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The Record Exchange - Culture Spot

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[ go listen boise ]

go listen boise

Go Listen Boise is a non-profit, all-volunteer organization with the mission of fostering a vibrant and diverse musical culture in the Boise area.


[ 2013 staff picks ]

2013 staff picks

After weeks of scrutiny, Record Exchange staffers have completed their 2013 Top 10 lists, and leading up to Christmas we're posting individual lists here on the website. You can also visit the store to view all the lists in realtime and shop our special '13 Staff Picks display. Let the judgment begin!

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Visit The Record Exchange's Amazon Marketplace store to shop for rare and discount CDs, vinyl, DVDs and books. Live in Boise? Order online and arrange for in-store pickup!


[ the right price ]

the right price

Think local. Think indie. Think $9.99 CDs at Record Exchange.

[ outside the heard ]

[ RSD exclusives/events ]

RSD exclusives/events

Okay, here it is: the Record Store Day exclusives list. Over 400 limited-edition CDs, vinyl LPs, 7-inches and more available Saturday, April 19 at The Record Exchange. Follow the link to peruse the list and read about Record Exchange RSD events!


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payette brewing company

The Record Exchange is a proud partner with Boise's Payette Brewing Company! Enjoy Payette Brewing Company beer (and for free!) at Record Exchange events such as Record Store Day, the annual holiday Bonus Club Sale and our singer-songwriter Birthday Bash celebrations!


[ rx top 10 ]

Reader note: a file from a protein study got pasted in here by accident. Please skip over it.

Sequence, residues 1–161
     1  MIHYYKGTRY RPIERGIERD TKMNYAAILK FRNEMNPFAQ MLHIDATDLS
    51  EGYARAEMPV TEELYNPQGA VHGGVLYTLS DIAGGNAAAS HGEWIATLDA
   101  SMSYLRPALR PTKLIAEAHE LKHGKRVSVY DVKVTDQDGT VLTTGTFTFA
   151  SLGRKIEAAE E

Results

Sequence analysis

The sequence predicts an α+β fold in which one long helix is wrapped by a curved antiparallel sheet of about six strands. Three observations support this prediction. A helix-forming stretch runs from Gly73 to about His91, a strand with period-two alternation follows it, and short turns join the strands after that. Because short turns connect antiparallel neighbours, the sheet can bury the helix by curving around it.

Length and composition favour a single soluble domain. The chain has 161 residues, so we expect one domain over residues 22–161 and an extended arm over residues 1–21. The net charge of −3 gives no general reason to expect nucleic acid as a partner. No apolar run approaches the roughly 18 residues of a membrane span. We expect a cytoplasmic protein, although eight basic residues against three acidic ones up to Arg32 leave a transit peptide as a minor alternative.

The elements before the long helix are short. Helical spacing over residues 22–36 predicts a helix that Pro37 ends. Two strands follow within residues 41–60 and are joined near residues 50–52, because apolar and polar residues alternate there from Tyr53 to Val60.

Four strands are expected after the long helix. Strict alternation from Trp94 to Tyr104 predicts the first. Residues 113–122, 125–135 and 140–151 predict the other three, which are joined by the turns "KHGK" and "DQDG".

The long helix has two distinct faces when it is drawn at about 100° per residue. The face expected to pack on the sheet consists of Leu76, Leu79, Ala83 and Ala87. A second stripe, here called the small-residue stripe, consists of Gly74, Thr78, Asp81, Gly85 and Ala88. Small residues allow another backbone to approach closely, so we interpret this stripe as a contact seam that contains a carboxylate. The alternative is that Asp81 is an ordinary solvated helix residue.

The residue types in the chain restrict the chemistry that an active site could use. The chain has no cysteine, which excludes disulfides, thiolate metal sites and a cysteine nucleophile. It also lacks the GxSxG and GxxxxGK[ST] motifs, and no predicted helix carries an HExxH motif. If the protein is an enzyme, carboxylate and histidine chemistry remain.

rx top 10

Built to Spill
St. Paul and the Broken Bones
Various Artists
Green Day
Childish Gambino
aka Belle
Afghan Whigs
Nickel Creek
John Nemeth

[ krbx card savings! ]

krbx card savings!

The Record Exchange is proud to be part of Radio Boise's KRBX Card program! Present your card on Sunday and New Release Tuesday (6-9 p.m.) and get 20% off all gift shop items and 20% off used CDs, vinyl, DVD, Blu-ray and cassettes!




Like a Rocket will perform a special Album Release Party set live at The Record Exchange (1105 W. Idaho St., Downtown Boise) at 6 p.m. First Thursday, Jan. 5. As always, this Record Exchange in-store performance is free and all ages.

Like A Rocket‘s debut CD Hey Man will be available for purchase at the Album Release Party, and we will be serving free craft beer (21 and older with I.D.) courtesy of our partners Payette Brewing Co.!

Like A Rocket‘s debut CD Hey Man is an intentional throwback to the band’s favorite records of the ’70s. Like a Rocket wanted each song to stand alone, in content and in style, but taken as a whole to be about “something.”

Crafted like a classic rock LP with the idea of two sides (1-5, 6-11), Like a Rocket tried to recreate the experience of putting on a record and following a storyline of relationships, both intimate and political, to a conclusion.

“We hope you like every song on its own, but even more we want you to listen to it as a whole and that you can find something in a song or the experience that speaks to you,” says frontman Speedy Gray. “It was a blast to make, and we hope you feel the same way when listening.”


Often compared to earlier Who/The High Numbers and later Alex Chilton, Like A Rocket ( mix great alt-pop with deep cut NOLA R&B to bake a blisteringly funky cake. A serious love of dancing and rhythm, the songs, fast or slow, have something to move your body. At the same time, the lyrics are extremely personal, about broken relationships with mates, band mates and the surrounding world of politics and dissatisfaction. You find yourself grooving along while picking up on choruses that speak to the world around you.

Led by singer/guitarist Speedy Gray, Like A Rocket is a dynamo live. Gray is an award-winning songwriter, getting nods from heavy hitters such as NPR’s nationally broadcast Mountain Stage.